Should we ignore the Church of Scotland’s Declaratory Act (1879), which stated that “while none are saved except through the mediation of Christ . . . it is not required to be held that . . . God may not extend his grace to any who are without the pale of ordinary means, as may seem good in his sight” (Act 4, quoted in John Sanders, No Other Name, 143-44)? Like Mouw, the Westminster Confession (1647) allowed for the possibility that at least some infants may be “saved by Christ through the Spirit, who worketh when, and where, and how he pleaseth,” and it went on to say: “So also are all other elect persons, who are incapable of being outwardly called by the ministry of the word” (10.3).
In 1888, W. G. T. Shedd contended that “the electing mercy of God reaches to the heathen,” and he stated: “It is not the doctrine of the Church, that the entire mass of pagans, without exception, have gone down to endless impenitence and death. That some unevangelized men are saved, in the present life, by an extraordinary exercise of redeeming grace in Christ, has been the hope and belief of Christendom. It was the hope and belief of the elder Calvinists, as it is of the later” (Dogmatic Theology, 2:706).
Shedd cites a lengthy section from Herman Witsius (1626-1708) to illustrate “the hopeful view which the elder Calvinism took of the possible extent to which God’s decree of election reaches” (2:706). He also quotes Jerome Zanchius (1516-1590) who had commented on the many nations that never had the privilege of hearing the word: “It is not indeed improbable that some individuals in these unenlightened countries may belong to the secret election of grace, and the habit of faith may be wrought in them” (2:708, citing Zanchius, Treatise on Predestination, chapter 4).
Judging by the criteria that Steve has used, it is clear that Reformed confessions and major Reformed theologians have made generous room for accessibilism. If the boundaries of evangelicalism are so tightly drawn that only gospel exclusivists fit within them, a remarkable number of thoroughly orthodox theologians, both Calvinist and Arminian (including John Wesley himself), are excluded from the camp.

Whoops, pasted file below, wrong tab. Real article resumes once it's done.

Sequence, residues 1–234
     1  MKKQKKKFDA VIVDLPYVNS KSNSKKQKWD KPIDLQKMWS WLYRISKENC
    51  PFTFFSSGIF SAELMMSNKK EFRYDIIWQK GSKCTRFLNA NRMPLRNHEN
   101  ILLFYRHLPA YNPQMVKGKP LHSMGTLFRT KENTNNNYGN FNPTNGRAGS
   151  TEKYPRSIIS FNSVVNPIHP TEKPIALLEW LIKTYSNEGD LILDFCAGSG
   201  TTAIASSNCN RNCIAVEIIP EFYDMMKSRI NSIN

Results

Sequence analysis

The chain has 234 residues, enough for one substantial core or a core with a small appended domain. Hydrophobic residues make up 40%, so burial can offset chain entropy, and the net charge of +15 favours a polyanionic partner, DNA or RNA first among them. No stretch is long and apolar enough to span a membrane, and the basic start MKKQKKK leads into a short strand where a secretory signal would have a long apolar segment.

9 replies on “Is inclusivism evangelical?”
A brief thought regarding Steve’s criteria. As a Wesleyan who grew up with Holiness Camp meetings a a clear conviction of God’s holy Spirit working in my life, I find myself wondering if he is evangelical. I am a Pietist and a Wesleyan — neither fits in his definition. If I make my path normative for him (or the Wesleyan path normative for all Reformed Calvinists), a conversation with great potential for mutual benefit degenrates into a political contest for control of the evangelical tent.
I prefer to use a centred-set approach that refers to the creeds (such as the ones Steve referes to — Wesleyans are not good at creeds!), but places a living relationship with Jesus Christ as Lord and Saviour at the centre. That approach accommodates Wesleyans and Calvinists — and accommodates exclusivists and inclusivists.
Nicely said Daryl. I definitely want to be in the same camp as you and I believe that is evangelicalism. 🙂
As I understand Romans 3:23, the text doesn’t say “all responsible people have fallen short of the glory of God . . .”. If Stephen Wellum’s statement is correct but he allows for the inclusion of infants and the mentally challenged, we must add the word “responsible” to the text of this Romans passage. Either we add the word “responsible” or when we preach the passage we must provide a disclaimer to the effect that God does make some exceptions based on responsive capacity. I see the wisdom of accessibilism in that it simply seeks to verbalize what we seem to understand and allow for internally concerning the salvation of all kinds of people, but preach quite differently in the pulpit. I find the phrase “responsible people ” hard to work with because it forces me to create categories and levels of responsibility. In the case of mental challenge, for example, there are different levels of severity and functionality. At what level of functionality or severity does responsibility become applicable?
I have recently come across those of the synergistic line who have excluded me enthusiastically from evangelicalism, so when I hear those who are making pronouncements so definitively I become somewhat uncomfortable. That is not to say that there is not clear boundaries regarding who is evangelical and who is not. Terry, I trace my theological journey from synergism to monergism to participation in your seminary classes and for what it is worth, I could not imagine labeling you as outside evangelicalism. Although I would invite you to explain more completely how accessibilism is congruent with limited atonement and such passages as Romans 10.